Announcement

Collapse
No announcement yet.

Poll: Can we classify aspects of psychology w/o also stigmatising and limiting them?

Collapse
X
  • Filter
  • Time
  • Show
Clear All
new posts

  • Poll: Can we classify aspects of psychology w/o also stigmatising and limiting them?

    How an autism diagnosis became both a clinical label and an identity; a stigma to be challenged and a status to be embraced: https://aeon.co/essays/the-intriguin...tism-diagnosis
    1
    No
    0%
    0
    Yes
    0%
    0
    Other, please comment
    100.00%
    1

  • #2
    It has become something of a mania to classify everything, which assumes that everyone can be slotted into a category. When two of my kids were diagnosed as dyslexic, I began realizing that in certain ways I probably was mildly so myself; my husband is more so. I am probably slightly autistic too, although I've never been formally diagnosed. I definitely require a LOT of personal space, am far happier in my own company than the company of most others.

    Whatever happened to just "being"? Some people have traits which severely impede their functioning; that's a serious matter. But nearly all of us have aspects which could be considered to fall into some "spectrum". So what? It's neither good nor bad, IMO. Human beings are diverse, thank heaven, or it would be a very boring world.
    Metpatpetet מתפתפתת
    אשרי אדם, מצא חכמה ואדם יפיק תבונה
    Proverbs 3:13

    Comment


    • #3
      Originally posted by Metpatpetet View Post
      It has become something of a mania to classify everything, which assumes that everyone can be slotted into a category.
      Different people fall at different points on the spectrum of tendency to classify.

      Whatever happened to just "being"?
      I suspect that part of it, in the medical context, is a need to find a justification for doing anything as treatment; to get paid for it. Or even defend the treatment to your peers or judges.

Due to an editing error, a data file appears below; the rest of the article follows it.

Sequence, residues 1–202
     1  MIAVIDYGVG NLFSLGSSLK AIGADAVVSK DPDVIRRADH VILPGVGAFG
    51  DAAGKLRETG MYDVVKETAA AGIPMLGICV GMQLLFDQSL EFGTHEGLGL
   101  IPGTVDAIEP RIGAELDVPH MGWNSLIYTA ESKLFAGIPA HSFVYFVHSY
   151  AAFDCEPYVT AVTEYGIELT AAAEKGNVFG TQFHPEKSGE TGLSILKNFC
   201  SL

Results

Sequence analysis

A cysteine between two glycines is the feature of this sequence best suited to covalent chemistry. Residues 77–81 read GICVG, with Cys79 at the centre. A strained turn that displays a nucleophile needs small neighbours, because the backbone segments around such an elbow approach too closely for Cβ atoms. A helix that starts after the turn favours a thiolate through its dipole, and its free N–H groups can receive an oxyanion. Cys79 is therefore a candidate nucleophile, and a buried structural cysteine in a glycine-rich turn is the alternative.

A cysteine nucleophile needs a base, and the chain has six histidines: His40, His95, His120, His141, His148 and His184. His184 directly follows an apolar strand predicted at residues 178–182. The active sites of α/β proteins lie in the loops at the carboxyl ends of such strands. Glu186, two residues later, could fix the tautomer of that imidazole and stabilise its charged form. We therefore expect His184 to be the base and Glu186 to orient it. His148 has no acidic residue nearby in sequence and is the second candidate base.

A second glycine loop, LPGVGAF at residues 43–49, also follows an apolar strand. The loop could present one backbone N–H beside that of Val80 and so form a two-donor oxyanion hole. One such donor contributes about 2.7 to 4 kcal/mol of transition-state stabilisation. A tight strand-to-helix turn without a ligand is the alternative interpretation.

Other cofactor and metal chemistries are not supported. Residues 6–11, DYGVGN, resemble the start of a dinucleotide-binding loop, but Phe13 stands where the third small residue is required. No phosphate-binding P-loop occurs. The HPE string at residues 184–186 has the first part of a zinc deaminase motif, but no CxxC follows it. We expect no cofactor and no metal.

Comment


      • #4
        Originally posted by mikeofallbirds View Post

        Different people fall at different points on the spectrum of tendency to classify.



        I suspect that part of it, in the medical context, is a need to find a justification for doing anything as treatment; to get paid for it. Or even defend the treatment to your peers or judges.
        Or to develop a medication for it.
        Metpatpetet מתפתפתת
        אשרי אדם, מצא חכמה ואדם יפיק תבונה
        Proverbs 3:13

        Comment


        • #5
          When people talk about a spectrum (autism is now "on the spectrum", instead of Asperger's, or whatever) it brings the bell curve to mind, for me, and the oddly limited way people think of it. Most folks look at it as two ends of extremes, and a middle ground where the majority can be found, but I look at it as more of a three-dimensional bell. Consider someone on, or close to, one side of the bell, then rotate the bell some value other than 180 degrees (which is where you end up if you use the standard bell curve) and you'll find someone else who is _not_ the opposite, or even relatedly different, but just as far from the "norm" in the middle.

          I know I'm somewhere around the edge of that, and most of the really interesting people I know are also closer to an edge than they are to the bulgy place in the middle.

          (image from wikipedia)

          Loren

          Comment


          • #6
            Originally posted by Mel View Post
            How an autism diagnosis became both a clinical label and an identity; a stigma to be challenged and a status to be embraced: https://aeon.co/essays/the-intriguin...tism-diagnosis
            I'm not sure I understand the question posed in the thread's title.

            Classifying and attaching a diagnostic label to a set of symptoms doesn't stigmatize anyone.

            It started many years ago with the goal of taking a scientific approach to what often were bizarre symptoms that were rationalized as superstitions; for example, the belief that evil spirits were inhabiting someone's body were instead understood as evidence of a disease which became known as "schizophrenia".

            Comment


            • #7
              Originally posted by Jim Odom View Post

              I'm not sure I understand the question posed in the thread's title.

              Classifying and attaching a diagnostic label to a set of symptoms doesn't stigmatize anyone.

              So your answer to the question is a yes. Thanks for that.

              Comment

              Working...
              X